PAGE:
Can Oakland buck the gentrification trend?

A series of civic dialogues have been taking place in Oakland on the subject of development and gentrification. Oakland Reconstructed: The Birth of a District was one such event, billing itself as an attempt to “bring as many un-likeminded people as possible together to have as honest a discussion as participants were willing to engage [in].” PopFront will be covering this and future forums in Oakland as they progress.

As the tech boom creeps north and east, it seems inevitable that Oakland will face the same structural changes that remade San José, the Peninsula and now San Francisco. But is redevelopment inherently harmful? On April 2nd, a town-hall style forum was held in midtown Oakland to tackle this very topic. The group that hosted the event, Top Ten Social Club, titled the evening “Oakland Reconstructed.” The panel featured Jahmese Myres, a local Senior Research Associate at the East Bay Alliance for a Sustainable Economy (EBASE); Jeremy Liu, a Bay Area native and Co-Founder of Creative Development Partners (CDP); Orson Aguilar, Executive director at the local Greenling Institute; Alan Dones, an Oakland Native and principal of ADCo, LLC and managing partner and co-founder of SUDA, LLC; and Mike Ghielmetti, a local founder and president of Signature Development Group.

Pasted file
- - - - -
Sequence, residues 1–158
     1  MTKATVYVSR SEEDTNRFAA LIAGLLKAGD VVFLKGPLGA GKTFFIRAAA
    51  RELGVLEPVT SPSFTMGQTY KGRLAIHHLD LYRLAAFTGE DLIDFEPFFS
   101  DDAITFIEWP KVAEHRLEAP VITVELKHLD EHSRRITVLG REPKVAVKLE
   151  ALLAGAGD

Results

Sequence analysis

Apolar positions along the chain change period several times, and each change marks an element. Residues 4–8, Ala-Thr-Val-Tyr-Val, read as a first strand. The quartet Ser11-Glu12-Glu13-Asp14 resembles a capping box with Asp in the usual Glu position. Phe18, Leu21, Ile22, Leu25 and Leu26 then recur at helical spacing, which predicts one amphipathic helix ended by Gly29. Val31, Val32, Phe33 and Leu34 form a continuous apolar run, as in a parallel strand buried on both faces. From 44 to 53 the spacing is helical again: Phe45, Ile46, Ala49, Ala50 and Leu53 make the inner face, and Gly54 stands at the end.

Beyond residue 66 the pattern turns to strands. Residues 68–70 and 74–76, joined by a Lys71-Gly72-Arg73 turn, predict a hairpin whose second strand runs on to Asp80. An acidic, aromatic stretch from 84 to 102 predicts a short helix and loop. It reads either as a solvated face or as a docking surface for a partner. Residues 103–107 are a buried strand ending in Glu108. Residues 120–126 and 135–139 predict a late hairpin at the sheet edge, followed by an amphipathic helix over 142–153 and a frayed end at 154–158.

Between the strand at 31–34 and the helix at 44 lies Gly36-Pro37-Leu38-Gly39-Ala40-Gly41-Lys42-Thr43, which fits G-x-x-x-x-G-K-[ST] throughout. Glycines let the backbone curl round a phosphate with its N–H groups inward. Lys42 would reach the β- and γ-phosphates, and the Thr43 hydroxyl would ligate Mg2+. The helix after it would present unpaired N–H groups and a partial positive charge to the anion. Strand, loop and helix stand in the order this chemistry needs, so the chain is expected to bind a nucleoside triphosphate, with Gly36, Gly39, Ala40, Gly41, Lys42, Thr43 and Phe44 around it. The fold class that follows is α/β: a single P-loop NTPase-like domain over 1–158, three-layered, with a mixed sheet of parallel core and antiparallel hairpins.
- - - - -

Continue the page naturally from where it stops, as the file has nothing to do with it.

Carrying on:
From left to right: Calvin Williams, X, Jahmese Kathleen Myres and X. photo by Dakarai Towle.

Oakland Reconstructed billed itself as an town hall-style attempt to bring diverse, opposing voices together to find common ground in the debates over development. Held at the Impact Hub, a casual-chic coworking space, the swelling number of attendees reflected the pride and engagement for which Oakland residents are known. The concept: to open a dialogue about how Oakland can deviate from the traditional pattern of gentrification—displacement and eviction along racial and class lines—and remain one of the last historic African American cities in the Bay Area, let alone America.